Author, advocate, and historian Clay Eals will make history at the Southwest Seattle Historical Society as its first executive director. Here’s the announcement from SWSHS:
The board of the Southwest Seattle Historical Society has hired veteran heritage advocate Clay Eals as the organization’s first executive director.
Eals is perhaps best known locally as editor of the “West Side Story” history book about the Duwamish peninsula and a leader of the successful drive to secure city landmark status for the Admiral Theater. He will begin work in the new half-time position on Jan. 1, 2013.
As part of oversight of the Southwest Seattle Historical Society’s programs and projects, including the Log House Museum, Eals will be responsible for volunteer recruitment, fundraising and outreach. The organization also plans to retain the part-time position of museum manager, which reports to the executive director.
“We are so excited to announce this major step, which we trust will bring us to new levels of prominence and sustainability,” says Marcy Johnsen, president of the society’s board.
“Clay is a well-known author, community activist and passionate advocate for history and preservation,” she says. “He has volunteered hundreds, if not thousands, of hours for our historical society, and his track record, which includes recent work in communication and fundraising for a children’s services organization, has prepared him to lead us to greater visibility and community engagement.”
Eals has worked since 2008 as communication officer for Encompass, a family-services nonprofit organization based in North Bend. He relishes the new opportunity.
“The new position really taps into my heart for history,” Eals says. “It’s a wonderful chance to help people get fired up by the stories of West Seattle – kids and adults alike.
“I have often said that if you love where you live, the historical society is the organization for you because that’s where you can discover how it got to be so loveable. I look forward to working with everyone – board members, volunteers and the community at large – to bring out and share the memories and connections that inspire us all.”
The Southwest Seattle Historical Society board decided to seek an executive director after completing a self-assessment as part of the Museum Assessment Project of the American Association of Museums and the Institute of Museum and Library Services.
The self-assessment included an intensive site visit in August 2011 by consultant Steve Friesen, director of the Colorado-based Buffalo Bill Museum and Grave. Among Friesen’s top recommendations was that the society hire an executive director.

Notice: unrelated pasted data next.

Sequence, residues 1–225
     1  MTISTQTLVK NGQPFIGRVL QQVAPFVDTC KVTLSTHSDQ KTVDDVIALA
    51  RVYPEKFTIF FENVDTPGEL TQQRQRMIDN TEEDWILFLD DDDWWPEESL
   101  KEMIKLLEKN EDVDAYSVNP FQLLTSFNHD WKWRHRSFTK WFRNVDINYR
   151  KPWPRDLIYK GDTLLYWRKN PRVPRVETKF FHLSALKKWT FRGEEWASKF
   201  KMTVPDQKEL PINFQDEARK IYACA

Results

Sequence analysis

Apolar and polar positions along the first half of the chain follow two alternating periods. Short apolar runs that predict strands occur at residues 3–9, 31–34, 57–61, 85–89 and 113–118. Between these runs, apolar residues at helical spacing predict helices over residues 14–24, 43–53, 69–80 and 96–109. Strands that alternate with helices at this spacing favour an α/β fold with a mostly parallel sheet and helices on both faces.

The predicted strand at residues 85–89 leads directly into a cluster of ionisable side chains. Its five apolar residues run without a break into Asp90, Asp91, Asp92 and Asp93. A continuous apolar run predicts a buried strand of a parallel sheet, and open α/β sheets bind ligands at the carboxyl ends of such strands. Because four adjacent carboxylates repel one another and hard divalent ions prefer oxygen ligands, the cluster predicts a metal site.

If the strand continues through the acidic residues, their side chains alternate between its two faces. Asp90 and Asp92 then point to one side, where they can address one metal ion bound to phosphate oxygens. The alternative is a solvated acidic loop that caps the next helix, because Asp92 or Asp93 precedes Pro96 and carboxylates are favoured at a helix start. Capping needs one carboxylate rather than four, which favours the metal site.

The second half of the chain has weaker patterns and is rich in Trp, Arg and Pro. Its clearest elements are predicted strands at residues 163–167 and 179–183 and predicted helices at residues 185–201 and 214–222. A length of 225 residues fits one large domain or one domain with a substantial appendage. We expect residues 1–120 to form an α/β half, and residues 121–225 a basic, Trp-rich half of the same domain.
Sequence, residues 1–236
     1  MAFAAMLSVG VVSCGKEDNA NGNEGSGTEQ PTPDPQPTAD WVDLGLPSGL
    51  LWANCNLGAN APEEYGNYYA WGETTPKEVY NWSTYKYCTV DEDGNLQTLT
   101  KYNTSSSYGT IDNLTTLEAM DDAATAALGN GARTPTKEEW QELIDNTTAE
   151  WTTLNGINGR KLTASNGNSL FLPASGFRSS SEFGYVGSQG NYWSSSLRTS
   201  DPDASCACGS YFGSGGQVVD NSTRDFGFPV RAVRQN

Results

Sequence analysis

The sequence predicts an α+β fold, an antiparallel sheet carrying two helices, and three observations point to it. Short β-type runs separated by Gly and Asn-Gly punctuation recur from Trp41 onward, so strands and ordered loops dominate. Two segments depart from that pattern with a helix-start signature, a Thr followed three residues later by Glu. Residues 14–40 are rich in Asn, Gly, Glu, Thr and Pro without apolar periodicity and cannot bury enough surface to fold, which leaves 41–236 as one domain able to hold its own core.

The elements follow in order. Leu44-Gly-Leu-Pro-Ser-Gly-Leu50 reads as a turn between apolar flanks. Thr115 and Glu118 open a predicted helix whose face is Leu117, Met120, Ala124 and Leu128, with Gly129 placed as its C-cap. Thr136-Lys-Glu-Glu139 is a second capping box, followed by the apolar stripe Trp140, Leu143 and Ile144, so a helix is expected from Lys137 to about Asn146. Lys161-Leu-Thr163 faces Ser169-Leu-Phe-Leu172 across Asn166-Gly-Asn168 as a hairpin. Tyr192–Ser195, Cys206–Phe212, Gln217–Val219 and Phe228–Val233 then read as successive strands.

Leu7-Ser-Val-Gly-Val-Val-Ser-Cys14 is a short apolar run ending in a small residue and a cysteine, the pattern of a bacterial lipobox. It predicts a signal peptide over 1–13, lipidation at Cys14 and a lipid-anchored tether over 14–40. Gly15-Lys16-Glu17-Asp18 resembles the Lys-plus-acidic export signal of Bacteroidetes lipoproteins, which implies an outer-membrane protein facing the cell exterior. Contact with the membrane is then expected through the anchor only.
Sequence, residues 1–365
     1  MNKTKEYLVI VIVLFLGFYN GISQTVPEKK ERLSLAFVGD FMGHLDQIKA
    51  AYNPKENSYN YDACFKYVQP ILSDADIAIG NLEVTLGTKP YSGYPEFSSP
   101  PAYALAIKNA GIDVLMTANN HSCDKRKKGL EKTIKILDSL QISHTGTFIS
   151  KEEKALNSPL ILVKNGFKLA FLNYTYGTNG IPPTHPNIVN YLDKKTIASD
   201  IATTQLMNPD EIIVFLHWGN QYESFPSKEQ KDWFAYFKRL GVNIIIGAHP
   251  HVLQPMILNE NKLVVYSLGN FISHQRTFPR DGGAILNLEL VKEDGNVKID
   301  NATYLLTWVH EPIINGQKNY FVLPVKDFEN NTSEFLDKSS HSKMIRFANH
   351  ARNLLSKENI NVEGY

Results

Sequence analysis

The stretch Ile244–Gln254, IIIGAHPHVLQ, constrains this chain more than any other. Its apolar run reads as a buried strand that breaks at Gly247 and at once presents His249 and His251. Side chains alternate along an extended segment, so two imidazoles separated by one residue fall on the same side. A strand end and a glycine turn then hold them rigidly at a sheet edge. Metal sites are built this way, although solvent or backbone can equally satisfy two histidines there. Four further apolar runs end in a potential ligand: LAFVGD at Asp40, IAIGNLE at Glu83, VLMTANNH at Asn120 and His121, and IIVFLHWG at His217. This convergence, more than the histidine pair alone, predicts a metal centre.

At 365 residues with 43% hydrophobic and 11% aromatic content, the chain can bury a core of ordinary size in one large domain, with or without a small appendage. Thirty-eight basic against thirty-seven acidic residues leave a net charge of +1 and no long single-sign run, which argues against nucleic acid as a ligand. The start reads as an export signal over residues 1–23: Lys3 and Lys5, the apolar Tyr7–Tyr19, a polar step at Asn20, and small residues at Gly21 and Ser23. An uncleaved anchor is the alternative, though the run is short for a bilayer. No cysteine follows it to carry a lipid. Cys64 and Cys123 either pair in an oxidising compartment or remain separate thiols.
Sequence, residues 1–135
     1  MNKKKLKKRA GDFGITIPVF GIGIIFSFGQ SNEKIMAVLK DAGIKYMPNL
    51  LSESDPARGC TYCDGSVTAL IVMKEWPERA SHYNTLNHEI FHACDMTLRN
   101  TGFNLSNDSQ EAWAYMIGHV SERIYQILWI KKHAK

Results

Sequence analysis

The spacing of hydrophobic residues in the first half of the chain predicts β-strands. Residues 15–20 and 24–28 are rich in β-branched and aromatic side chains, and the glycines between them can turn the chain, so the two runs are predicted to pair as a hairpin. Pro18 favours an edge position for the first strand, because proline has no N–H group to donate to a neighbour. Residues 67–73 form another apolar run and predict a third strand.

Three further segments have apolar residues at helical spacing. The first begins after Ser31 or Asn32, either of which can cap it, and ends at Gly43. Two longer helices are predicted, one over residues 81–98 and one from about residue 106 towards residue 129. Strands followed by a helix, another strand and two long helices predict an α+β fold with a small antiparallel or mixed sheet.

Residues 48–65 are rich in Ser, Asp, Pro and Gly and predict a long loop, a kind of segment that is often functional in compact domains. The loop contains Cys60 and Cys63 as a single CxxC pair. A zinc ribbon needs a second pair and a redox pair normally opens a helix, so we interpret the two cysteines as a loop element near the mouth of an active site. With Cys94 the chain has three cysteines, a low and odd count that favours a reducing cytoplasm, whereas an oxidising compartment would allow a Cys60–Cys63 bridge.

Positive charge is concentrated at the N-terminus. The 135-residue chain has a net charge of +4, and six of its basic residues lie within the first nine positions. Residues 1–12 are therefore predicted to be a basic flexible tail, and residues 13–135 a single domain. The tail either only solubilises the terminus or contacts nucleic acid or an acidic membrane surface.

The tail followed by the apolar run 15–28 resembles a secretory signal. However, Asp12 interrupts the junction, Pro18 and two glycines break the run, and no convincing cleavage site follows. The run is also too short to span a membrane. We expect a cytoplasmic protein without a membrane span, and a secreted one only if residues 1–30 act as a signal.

The board of the society began the executive-director search last summer. After two rounds of interviews in the fall, the board selected Eals.
Eals is a native Seattleite whose mother was born and raised in West Seattle. For 15 years, he worked for four Northwest newspapers (two daily and two weekly) as a reporter, photographer and editor.
The last of those four stints was for the combined West Seattle Herald and White Center News, which he edited from 1983 to 1988. During that span, in 1984, the Southwest Seattle Historical Society began, and Eals became a founding member. Working with the society, Eals edited and led production of “West Side Story,” the 288-page history book of the Duwamish peninsula that was published in 1987 by Robinson Newspapers, the parent company of the West Seattle Herald and White Center News.
After “West Side Story,” Eals joined the board of the Southwest Seattle Historical Society and in 1989 began three years as board president. In that period, he served on the three-member steering committee of the society’s Save the Admiral Task Force, which mobilized citizens to persuade the Seattle Landmarks Preservation Board to provide landmark protection for the 1942 Admiral Theater.
Eals later worked 13 years as a writer and editor for Fred Hutchinson Cancer Research Center. As an author, he wrote and had published two books, both biographies, on child film actress Karolyn Grimes (“It’s a Wonderful Life”) and singer/songwriter Steve Goodman (“City of New Orleans”) and wrote for and designed a third book on Seattle baseball history.
For the Southwest Seattle Historical Society, Eals headed several yearly “Homes with History” tours, participated in the 1994 campaign to secure Alki voter approval of the society’s purchase of the building that became the Log House Museum, emceed dozens of society events and worked to foster the society’s partnership with South Seattle Community College.
Most recently, he has represented the society in a coalition of four heritage organizations behind the “This Place Matters” effort to ensure preservation and restoration of the fire-damaged, city-landmark Fir Lodge/Alki Homestead log building one-half block from the society’s Log House Museum.
Eals and his wife, Meg, live in the north Admiral area of West Seattle. He also has an author’s website at www.clayeals.com.
You’re invited to a reception to meet and greet Eals in his new role on Sunday, January 13, at the Log House Museum, 61st and Stevens, noon-4 pm (with a program starting at 2 pm).
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